Flat Design. History, Benefits and Practice.
Tubik Studio

For all that is lauded about flat design in this article (i.e. the benefits), there is no mention about the drawbacks. Nielsen Norman Group, who does evidence-based research on design trends, has pointed out as recently as late 2015 that flat design continues to present usability issues for users. As designers, we can agree with each other about the points this article makes about simplicity, minimalism, readability, typography, visual hierarchy, appliance of colors, quick visual perception, principles of grids, and visual balance. Yet, if clear affordances of interaction are missing and users struggle with what is “clickable” and what is not, it won’t matter how cool we make the design. If they find it hard to use, they will find it frustrating and ultimately not cool. I submit to you that the drawbacks NN/g points out in their research also needs to be taken into consideration.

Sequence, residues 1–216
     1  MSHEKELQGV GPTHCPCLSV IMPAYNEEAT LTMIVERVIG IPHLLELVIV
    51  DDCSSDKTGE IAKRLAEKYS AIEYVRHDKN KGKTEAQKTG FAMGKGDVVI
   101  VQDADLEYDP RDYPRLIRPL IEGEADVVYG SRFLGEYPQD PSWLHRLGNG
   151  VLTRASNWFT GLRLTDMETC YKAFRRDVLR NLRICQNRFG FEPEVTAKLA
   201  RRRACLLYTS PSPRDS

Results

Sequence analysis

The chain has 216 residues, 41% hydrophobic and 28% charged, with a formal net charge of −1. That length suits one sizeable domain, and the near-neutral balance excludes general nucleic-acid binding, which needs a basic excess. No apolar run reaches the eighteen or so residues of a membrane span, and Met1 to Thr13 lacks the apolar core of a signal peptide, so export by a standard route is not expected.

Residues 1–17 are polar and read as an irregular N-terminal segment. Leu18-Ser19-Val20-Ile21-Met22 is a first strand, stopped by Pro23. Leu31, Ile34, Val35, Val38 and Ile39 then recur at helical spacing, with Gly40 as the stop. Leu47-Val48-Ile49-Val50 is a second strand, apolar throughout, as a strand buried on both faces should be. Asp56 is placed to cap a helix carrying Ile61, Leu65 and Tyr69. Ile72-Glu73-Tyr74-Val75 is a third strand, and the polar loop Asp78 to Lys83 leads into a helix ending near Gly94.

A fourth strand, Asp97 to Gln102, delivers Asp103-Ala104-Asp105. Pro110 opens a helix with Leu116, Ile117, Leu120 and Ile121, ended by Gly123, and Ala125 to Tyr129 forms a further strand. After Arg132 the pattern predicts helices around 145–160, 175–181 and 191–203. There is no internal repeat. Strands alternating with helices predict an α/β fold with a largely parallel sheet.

One clap, two clap, three clap, forty?

By clapping more or less, you can signal to us which stories really stand out.